Re: Are XML's Good Ideas hidden? (was Re: Re: Whatar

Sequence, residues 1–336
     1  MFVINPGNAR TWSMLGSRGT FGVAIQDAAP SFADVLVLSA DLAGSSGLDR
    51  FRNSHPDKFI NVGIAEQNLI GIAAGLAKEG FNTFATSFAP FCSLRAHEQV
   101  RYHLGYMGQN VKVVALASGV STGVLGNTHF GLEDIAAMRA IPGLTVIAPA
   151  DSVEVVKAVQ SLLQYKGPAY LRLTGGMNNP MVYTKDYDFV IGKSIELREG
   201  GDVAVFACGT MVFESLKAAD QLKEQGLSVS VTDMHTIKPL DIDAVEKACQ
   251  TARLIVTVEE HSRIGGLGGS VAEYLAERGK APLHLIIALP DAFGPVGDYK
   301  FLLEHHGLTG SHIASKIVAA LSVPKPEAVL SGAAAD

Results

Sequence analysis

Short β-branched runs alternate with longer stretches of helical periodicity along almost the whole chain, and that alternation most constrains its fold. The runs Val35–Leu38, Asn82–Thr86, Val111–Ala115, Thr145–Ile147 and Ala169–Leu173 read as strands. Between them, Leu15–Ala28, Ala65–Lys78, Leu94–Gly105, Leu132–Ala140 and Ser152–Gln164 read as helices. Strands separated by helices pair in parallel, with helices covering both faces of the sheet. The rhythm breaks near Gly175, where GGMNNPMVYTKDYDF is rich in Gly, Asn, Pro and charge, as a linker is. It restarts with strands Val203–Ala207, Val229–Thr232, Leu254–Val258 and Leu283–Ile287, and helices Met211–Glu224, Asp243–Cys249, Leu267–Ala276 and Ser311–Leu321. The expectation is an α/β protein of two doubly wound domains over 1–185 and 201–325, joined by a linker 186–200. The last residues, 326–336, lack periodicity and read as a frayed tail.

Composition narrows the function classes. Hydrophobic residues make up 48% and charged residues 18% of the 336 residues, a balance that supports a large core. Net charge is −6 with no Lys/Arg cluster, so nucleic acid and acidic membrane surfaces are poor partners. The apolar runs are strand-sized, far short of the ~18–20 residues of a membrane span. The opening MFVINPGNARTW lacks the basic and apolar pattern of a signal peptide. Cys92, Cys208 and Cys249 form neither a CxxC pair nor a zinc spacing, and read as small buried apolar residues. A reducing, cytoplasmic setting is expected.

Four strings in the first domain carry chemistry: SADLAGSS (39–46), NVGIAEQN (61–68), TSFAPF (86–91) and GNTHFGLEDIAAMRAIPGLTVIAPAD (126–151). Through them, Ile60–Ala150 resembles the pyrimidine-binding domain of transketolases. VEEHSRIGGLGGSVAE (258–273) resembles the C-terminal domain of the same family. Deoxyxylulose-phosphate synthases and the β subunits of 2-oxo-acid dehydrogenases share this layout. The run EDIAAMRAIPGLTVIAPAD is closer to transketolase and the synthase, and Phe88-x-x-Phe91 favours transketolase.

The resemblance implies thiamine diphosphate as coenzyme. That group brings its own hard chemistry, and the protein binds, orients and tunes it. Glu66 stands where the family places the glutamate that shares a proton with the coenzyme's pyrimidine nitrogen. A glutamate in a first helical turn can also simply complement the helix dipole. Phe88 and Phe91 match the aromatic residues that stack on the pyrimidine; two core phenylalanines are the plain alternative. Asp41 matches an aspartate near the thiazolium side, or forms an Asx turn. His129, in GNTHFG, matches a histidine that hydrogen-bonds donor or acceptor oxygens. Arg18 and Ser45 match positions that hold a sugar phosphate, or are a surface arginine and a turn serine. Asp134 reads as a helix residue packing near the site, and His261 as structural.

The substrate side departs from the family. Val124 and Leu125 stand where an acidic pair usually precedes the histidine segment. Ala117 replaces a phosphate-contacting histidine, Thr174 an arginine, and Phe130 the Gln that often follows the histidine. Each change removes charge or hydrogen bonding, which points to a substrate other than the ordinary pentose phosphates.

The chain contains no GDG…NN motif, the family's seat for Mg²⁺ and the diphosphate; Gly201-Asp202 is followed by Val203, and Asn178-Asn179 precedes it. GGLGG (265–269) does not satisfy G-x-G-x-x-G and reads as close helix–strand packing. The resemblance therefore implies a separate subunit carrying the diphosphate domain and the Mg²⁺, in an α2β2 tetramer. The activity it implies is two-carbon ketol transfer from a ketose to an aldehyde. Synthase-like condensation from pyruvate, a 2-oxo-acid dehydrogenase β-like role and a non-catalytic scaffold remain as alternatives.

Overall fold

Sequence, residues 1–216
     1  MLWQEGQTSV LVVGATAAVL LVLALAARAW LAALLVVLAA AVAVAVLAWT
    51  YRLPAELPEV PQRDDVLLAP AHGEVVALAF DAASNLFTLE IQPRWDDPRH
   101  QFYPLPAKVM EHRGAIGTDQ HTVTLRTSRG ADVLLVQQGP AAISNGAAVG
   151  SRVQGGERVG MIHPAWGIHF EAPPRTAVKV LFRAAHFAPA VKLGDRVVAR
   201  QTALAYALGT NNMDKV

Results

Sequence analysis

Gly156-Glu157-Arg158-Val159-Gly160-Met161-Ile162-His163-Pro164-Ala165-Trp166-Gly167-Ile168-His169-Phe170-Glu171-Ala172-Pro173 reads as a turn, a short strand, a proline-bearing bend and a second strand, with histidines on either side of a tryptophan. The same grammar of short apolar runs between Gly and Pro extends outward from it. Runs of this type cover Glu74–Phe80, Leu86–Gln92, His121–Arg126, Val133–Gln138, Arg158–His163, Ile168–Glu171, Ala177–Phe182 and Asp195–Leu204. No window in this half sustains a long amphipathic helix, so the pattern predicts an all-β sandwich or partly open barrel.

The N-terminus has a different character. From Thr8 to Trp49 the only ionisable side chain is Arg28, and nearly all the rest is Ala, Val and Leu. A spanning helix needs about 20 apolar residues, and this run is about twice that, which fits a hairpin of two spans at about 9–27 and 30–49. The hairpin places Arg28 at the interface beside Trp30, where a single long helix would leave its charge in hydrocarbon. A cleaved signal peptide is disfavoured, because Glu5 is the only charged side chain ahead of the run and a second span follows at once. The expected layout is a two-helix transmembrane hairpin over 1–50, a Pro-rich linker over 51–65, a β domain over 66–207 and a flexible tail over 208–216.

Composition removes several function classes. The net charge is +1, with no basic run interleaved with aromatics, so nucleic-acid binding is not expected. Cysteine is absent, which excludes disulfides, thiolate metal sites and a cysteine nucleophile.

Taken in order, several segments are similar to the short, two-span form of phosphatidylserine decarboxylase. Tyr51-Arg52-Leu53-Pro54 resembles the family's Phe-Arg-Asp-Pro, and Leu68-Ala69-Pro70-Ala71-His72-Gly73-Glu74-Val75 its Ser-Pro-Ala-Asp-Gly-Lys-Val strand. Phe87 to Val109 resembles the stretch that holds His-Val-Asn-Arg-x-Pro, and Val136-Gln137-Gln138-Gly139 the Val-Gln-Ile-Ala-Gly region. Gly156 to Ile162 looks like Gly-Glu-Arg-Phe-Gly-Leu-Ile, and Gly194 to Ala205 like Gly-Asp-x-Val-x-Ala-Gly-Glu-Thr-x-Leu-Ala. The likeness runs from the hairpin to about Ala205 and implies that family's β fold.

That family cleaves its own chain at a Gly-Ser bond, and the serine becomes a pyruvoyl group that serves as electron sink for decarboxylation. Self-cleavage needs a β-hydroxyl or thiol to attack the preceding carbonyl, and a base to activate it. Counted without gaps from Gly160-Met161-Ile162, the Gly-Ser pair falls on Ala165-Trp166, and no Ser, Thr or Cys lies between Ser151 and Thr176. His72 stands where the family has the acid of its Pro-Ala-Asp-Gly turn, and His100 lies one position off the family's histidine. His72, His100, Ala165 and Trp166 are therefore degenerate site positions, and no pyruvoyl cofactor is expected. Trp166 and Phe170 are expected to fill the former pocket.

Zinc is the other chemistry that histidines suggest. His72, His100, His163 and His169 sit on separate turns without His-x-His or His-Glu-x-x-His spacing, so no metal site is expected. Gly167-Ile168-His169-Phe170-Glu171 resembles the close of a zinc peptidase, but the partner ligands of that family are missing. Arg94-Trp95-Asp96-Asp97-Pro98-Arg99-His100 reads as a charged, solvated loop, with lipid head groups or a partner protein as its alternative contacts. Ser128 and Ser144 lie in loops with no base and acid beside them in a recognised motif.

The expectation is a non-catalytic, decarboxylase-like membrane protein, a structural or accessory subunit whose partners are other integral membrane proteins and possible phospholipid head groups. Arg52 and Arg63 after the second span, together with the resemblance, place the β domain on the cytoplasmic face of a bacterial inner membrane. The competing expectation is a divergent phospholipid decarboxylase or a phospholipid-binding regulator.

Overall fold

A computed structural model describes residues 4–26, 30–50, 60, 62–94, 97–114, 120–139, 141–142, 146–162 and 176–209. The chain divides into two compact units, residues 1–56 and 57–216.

10/26/2002 4:16:03 PM, Mike Champion <mc@x...> wrote: >Is is all over now, or is there some way to get out the word that XML really >*is* simple and useful without all the layers and layers of hype, complexity, >and drag-n-drop tools that exploit the power of XML for the benefit of >vendors while denying its benefits to users? As often happens, I let my rhetorical flourishes obscure my intent here :-) I personally think that it is very important to keep XML conceptually simple and minimalist, creating a market for tools that automate the tedium so as to make it easy to use. WYSIWYG XML authoring tools and XSLT visual stylesheet generator come to mind as perfectly appropriate ways to make elegant specs usable by ordinary developers. Good tools help users learn specs by letting them do something visually and then look at/ tweak the actual source. That's essentially how I learned SGML when I worked for Arbortext. What I object to are specs whose complexity is justified by the 'fact' that they were not meant to be used by humans, and therefore tools are necessary for even experts to work with the specs. If what the tool generates is so mind numbingly complex that no sane person would even THINK about trying to tweak it, then the chances are good that XML is being used for the vendor's benefit rather than the user's. "Good" tools are crutches to assist ordinary developers use simple specs that are tedious to use ... "Bad" tools are straightjackets keeping ordinary developers bound to a vendor's embraced/extended profile of a spec that is difficult to use.
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